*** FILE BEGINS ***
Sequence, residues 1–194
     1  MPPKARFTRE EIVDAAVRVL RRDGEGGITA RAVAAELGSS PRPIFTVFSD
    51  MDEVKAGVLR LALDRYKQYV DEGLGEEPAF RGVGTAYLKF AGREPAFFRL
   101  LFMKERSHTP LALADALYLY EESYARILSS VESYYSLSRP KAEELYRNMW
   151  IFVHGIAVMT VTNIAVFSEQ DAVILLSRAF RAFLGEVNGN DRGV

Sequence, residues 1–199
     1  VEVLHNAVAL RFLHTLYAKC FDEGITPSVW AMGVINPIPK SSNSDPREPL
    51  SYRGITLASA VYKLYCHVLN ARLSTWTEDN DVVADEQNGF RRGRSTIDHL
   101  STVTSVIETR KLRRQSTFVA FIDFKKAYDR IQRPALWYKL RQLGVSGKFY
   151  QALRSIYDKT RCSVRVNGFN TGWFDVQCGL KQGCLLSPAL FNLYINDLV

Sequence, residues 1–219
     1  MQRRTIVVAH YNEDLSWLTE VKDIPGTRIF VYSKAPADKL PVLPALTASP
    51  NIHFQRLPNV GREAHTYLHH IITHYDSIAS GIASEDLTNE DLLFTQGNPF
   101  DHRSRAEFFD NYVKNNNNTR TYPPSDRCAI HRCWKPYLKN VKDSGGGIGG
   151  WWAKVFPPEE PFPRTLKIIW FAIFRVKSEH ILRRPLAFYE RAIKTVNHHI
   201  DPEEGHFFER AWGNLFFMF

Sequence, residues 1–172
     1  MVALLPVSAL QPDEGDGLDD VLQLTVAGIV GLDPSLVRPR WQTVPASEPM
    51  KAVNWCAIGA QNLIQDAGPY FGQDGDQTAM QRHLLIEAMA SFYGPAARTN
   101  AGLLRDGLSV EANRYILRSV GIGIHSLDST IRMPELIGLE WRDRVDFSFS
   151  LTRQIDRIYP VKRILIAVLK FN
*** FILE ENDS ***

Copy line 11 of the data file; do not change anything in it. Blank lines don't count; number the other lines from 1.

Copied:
Sequence, residues 1–219